When you think of New Yorkers, you think of brashness, an air of conceit and arrogance, and ubiquitous pride. Every single day of my life, I am proud to be from New York; that feeling is accentuated and inflated today. 9/11 was a tragedy that Americans will never forget, but New Yorkers will always remember. When you’re from New York, this day hits especially hard; the pain is more tangible, the sadness more profound.
I live in Pelham, New York, one of the towns that borders the Bronx to the north. The train to Grand Central from Pelham takes about a half hour, so many Pelhamites commute to the city every day for work. Now, I go to school some 500 miles away from New York, and I thought that today, in my second year at college, the guilt of being away from New York would be a little less numbing and the especially poignant sadness would be a little less debilitating than it was last year. Instead, I’m thinking even more of my high school classmates who lost loved ones in parents or cousins or brothers or sisters. I’m thinking of my youth soccer coach who, six years ago to this day, told our team the story of his two brothers in law who passed away that day while he cried in front of us. I’m thinking of my seventh grade social studies teacher who showed us the news coverage from that day on YouTube as she broke down in front of my classmates and me and attempted to explain what that day meant to her.
For a long time, I’ve struggled to say exactly what 9/11 means to me; I’ve always known the reaction that it should elicit and I’ve always known what I should think about it, but that is just because of what everyone else thinks. But now, I can more confidently express what it means to me. It means immense sadness, but I think more appropriately, it evokes tremendous pride and emotion, along with solidarity to other New Yorkers. I think of the time that President Bush threw out the first pitch at Yankee Stadium as he wore an FDNY sweatshirt, just over a month after the 9/11 attacks.
This beautiful moment so perfectly shows the strength and pride of the city and the people in it, with the cameras flashing in the background as Bush approaches the mound, the thumbs up that he gives the crowd, and the crowd’s roar of approval to show that they understood the importance of what was occurring. There are so many videos just like this that can strip the viewers down to their emotional cores and leave them crying until they no longer show signs of emotion other than the salty residue of tears on their cheeks. Every year on this day, I watch ESPN’s The Man in the Red Bandana, the story of Welles Crowther, a hero who gave his life so that he could save those of others. I see the sadness that his parents will live with for the rest of their lives, but more importantly, I see the pride that they have for raising someone who can now be called a hero.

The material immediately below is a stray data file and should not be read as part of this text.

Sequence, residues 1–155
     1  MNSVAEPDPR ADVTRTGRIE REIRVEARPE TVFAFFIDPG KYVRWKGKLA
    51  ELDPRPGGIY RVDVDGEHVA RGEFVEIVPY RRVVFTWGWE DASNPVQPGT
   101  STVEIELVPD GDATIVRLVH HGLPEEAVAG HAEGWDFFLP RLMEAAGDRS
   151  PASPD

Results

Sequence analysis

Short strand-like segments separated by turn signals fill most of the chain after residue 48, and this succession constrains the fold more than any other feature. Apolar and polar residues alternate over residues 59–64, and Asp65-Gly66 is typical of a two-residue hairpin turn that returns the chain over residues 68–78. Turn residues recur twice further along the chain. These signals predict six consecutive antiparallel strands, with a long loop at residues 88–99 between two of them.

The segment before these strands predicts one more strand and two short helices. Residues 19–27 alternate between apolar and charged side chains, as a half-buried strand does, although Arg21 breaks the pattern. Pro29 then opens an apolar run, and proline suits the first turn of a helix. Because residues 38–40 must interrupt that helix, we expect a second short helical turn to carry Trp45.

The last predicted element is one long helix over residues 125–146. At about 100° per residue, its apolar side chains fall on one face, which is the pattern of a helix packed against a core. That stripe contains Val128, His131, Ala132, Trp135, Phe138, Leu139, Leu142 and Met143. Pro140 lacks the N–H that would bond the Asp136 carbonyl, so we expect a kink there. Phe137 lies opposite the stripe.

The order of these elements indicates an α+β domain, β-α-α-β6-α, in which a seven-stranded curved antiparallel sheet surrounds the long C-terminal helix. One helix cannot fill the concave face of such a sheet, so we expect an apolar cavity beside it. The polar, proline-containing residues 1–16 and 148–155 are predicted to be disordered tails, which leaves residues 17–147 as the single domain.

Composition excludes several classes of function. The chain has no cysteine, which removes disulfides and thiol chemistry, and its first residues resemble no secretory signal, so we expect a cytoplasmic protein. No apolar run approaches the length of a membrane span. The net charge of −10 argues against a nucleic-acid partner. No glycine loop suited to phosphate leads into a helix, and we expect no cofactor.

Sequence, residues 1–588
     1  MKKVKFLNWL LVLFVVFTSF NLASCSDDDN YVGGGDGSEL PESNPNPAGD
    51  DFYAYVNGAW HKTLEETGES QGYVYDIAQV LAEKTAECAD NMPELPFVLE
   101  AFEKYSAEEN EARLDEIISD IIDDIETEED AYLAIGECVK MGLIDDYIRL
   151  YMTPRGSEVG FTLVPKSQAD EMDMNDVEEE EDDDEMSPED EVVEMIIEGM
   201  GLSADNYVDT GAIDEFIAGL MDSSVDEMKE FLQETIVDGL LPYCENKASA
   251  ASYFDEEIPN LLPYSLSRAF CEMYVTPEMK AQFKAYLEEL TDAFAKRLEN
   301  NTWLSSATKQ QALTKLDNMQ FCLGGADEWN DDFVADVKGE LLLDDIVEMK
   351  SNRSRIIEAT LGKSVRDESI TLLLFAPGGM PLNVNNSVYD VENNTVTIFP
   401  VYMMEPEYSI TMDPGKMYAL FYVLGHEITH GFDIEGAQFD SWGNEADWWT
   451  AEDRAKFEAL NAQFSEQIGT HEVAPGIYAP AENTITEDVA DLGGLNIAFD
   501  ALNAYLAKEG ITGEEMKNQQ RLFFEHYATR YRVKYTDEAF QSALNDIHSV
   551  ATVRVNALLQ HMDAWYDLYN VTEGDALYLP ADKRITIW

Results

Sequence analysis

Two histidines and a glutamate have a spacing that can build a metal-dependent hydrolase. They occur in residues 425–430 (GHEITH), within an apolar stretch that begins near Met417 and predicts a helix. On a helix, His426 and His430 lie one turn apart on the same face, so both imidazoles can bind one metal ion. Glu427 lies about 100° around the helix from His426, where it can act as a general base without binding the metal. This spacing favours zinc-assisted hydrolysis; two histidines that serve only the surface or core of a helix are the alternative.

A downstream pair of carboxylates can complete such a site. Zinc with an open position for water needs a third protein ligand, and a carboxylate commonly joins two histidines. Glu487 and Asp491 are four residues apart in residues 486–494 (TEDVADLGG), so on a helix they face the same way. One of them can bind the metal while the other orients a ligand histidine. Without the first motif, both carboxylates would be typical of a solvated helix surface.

The tears that millions of people will cry today are good; they show that “Never Forget” is more than just a catchy slogan or a hashtag to throw in on social media posts every year. They show that those 2,996 people who passed away in those attacks are remembered and honored. Today, I’m beyond proud to be an American and missing home. New York, thanks for being the best home I could have ever asked for and thank you for raising me. To all the families from my hometown who think of this day each year as the worst day of every year and a horrid reminder of what was taken from you 16 years ago, we are all here for you and we love you.
Now, I am proud when I go into the city and see One World Trade Center, as it reminds me how strong the people of this city and country are. Every inch of that 1,776 feet tall building represents pride, sincerity, solidarity, and strength; the building stares right at the hate that 16 years ago took so many lives and instead of seeing a daunting challenge, dares that hate to fuck with this country again. Because every single time this country is challenged or pushed to its breaking point, we push back and stand even taller and more together.
This sadness that I feel today will never go away; every year it will come back and arrest me, forcing tears down my face and thoughts of my hometown flooding back. But with that sadness and those tears comes a reassurance that I am from the greatest place on earth and that I live in the greatest country in this world.